76 F3d 379 Wayne Earl Lafountain v. Richard Johnson, Warden, Otf Prison Facility

76 F.3d 379

Wayne Earl LaFOUNTAIN, Plaintiff-Appellant,
v.
Richard JOHNSON, Warden, OTF Prison Facility, Defendant-Appellee.

No. 95-1408.

United States Court of Appeals, Sixth Circuit.

Feb. 6, 1996.

NOTICE: Sixth Circuit Rule 24(c) states that citation of unpublished dispositions is disfavored except for establishing res judicata, estoppel, or the law of the case and requires service of copies of cited unpublished dispositions of the Sixth Circuit.

Before: KEITH, JONES and SILER, Circuit Judges.

ORDER


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1

Wayne Earl LaFountain, a pro se Michigan state prisoner, appeals the judgment for defendant in this civil rights action filed under 42 U.S.C. § 1983. The case has been referred to a panel of the court pursuant to Rule 9(a), Rules of the Sixth Circuit. Upon examination, this panel unanimously agrees that oral argument is not needed. Fed.R.App.P. 34(a).

2

LaFountain filed a claim for declaratory, injunctive and monetary relief against the warden of the Carson City Temporary Facility, alleging that his Eighth Amendment rights had been violated during his stay at the facility from March to September 1991, by his exposure to environmental tobacco smoke. LaFountain also alleged that he had been denied placement in a non-smoking dormitory in violation of his equal protection rights. The district court dismissed the complaint for failure to state a claim. On appeal, this court vacated the claim for monetary damages and remanded for further consideration in light of Helling v. McKinney, 113 S.Ct. 2475 (1993). LaFountain v. Johnson, 1993 WL 503755 (6th Cir.1993).

3

On remand, a magistrate judge recommended that summary judgment be granted to the defendant on the ground of qualified immunity. LaFountain objected that the defendant had not raised qualified immunity as a defense. The magistrate judge relied on a motion for summary judgment filed on behalf of the defendant in another of LaFountain's cases pending before him, in which this same claim, among others, had been raised. The district court agreed that the recommendation was premature, and ordered the defendant to file a dispositive motion by August 25, 1994. No pleadings were filed by the defendant, and LaFountain moved for an entry of default. Default was entered on December 21, 1994. The following day, defendant moved to set aside the default on the ground that this case file had been misplaced during a move of the attorney general's office. The default was set aside. Defendant then filed a dispositive motion based on qualified immunity. The district court granted the motion, adopting the reasoning of the earlier magistrate judge's report. On appeal, LaFountain argues that his equal protection claim was ignored, the default should not have been set aside, defendant waived the qualified immunity defense by not raising it in his initial motion to dismiss, and defendant was not entitled to qualified immunity.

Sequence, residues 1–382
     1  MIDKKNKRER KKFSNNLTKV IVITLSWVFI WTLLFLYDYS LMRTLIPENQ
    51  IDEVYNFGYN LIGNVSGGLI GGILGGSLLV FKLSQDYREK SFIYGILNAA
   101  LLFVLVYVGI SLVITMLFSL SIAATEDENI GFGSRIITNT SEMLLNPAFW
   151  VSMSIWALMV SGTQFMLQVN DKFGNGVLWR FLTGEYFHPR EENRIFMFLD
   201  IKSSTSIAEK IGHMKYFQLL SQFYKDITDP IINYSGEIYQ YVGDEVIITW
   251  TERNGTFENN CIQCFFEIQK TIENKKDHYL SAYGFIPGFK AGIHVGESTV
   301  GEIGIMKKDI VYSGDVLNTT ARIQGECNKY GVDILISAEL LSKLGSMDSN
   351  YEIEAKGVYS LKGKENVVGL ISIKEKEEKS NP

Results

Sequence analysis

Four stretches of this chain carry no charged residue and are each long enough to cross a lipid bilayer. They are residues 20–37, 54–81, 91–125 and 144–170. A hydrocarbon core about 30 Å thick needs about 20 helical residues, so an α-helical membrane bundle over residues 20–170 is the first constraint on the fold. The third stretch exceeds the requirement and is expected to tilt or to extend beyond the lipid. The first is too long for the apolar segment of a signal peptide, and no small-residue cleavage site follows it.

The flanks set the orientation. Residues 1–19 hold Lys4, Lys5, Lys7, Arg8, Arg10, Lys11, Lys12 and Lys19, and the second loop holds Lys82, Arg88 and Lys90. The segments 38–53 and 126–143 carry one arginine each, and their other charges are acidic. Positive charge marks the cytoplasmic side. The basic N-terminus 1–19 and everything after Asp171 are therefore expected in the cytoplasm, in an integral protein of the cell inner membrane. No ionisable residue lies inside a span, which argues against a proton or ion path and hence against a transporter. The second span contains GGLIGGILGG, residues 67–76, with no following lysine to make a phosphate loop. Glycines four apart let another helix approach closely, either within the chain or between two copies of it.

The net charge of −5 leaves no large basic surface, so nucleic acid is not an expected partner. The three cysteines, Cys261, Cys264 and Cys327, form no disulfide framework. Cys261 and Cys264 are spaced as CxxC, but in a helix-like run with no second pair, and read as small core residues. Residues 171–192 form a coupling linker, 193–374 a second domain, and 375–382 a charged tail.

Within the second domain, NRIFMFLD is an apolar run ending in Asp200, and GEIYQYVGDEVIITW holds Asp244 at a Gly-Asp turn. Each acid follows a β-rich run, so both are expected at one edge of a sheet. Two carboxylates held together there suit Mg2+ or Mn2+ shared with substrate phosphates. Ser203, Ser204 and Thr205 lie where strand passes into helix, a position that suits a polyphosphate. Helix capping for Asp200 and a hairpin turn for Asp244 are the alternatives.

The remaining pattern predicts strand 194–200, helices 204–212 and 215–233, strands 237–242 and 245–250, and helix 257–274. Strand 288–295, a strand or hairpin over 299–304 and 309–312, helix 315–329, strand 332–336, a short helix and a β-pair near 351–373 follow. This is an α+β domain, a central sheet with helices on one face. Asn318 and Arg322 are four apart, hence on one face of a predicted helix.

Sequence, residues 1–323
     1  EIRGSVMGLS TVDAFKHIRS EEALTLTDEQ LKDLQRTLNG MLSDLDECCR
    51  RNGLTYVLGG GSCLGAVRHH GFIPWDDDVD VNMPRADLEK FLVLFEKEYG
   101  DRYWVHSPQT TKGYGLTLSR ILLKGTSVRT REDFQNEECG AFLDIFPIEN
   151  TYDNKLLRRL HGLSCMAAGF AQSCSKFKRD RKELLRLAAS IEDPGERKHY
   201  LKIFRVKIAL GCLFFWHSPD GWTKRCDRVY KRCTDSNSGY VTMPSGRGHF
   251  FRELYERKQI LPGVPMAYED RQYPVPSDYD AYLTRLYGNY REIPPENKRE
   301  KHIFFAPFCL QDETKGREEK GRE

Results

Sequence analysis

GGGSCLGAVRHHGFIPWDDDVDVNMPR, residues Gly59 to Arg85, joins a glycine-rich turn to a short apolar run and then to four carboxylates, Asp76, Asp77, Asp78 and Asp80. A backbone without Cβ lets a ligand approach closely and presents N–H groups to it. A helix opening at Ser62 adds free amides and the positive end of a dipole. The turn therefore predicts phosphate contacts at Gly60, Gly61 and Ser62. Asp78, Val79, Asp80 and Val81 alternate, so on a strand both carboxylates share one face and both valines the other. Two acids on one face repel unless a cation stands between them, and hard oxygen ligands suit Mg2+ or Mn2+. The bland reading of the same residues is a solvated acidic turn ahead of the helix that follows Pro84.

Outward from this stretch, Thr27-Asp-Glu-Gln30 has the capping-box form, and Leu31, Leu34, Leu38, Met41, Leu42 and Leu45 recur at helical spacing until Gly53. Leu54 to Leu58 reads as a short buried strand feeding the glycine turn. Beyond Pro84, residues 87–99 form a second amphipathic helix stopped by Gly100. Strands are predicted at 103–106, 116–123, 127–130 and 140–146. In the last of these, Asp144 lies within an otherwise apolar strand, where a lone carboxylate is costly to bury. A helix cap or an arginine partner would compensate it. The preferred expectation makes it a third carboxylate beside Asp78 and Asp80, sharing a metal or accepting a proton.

4

Upon careful consideration, we reject the arguments raised on appeal and affirm the district court's judgment. LaFountain's complaint did not state a valid equal protection claim, as he did not allege membership in a protected class. See Joyce v. Mavromatis, 783 F.2d 56, 57 (6th Cir.1986). The entry of default was properly set aside, as there was no prejudice to the plaintiff, a meritorious defense existed, and the delay was explained by conduct that showed no disregard for the judicial proceedings. See Shepard Claims Service, Inc. v. William Darrah & Assocs., 796 F.2d 190, 195 (6th Cir.1986). The defense of qualified immunity was not waived in this case, where the complaint was initially dismissed for failure to state a claim, but was remanded for consideration of intervening law. Under these circumstances, raising the defense of qualified immunity after remand was proper. Cf. English v. Dyke, 23 F.3d 1086, 1091 (6th Cir.1994) (failure to raise qualified immunity defense in pre-answer motion does not amount to waiver).

5

On the merits of the case, the judgment for defendant on the basis of qualified immunity was proper, as the law with regard to prisoners' exposure to environmental tobacco smoke was not clearly established at the time of his alleged actions. See Murphy v. Dowd, 975 F.2d 435, 437 (8th Cir.1992) (per curiam), cert. denied, 113 S.Ct. 1310 (1993). The law in this circuit in 1992 recognized an Eighth Amendment claim only where the plaintiff showed a serious medical need for a smoke-free environment. See Hunt v. Reynolds, 974 F.2d 734, 736 (6th Cir.1992). Not until 1993 did the Supreme Court recognize that a claim might be stated based on a potential threat to future health due to exposure to smoke. Helling, supra. The acts alleged by the defendant in this case occurred in 1991.

6

Accordingly, the judgment for the defendant is affirmed for the reasons stated by the district court. Rule 9(b)(3), Rules of the Sixth Circuit.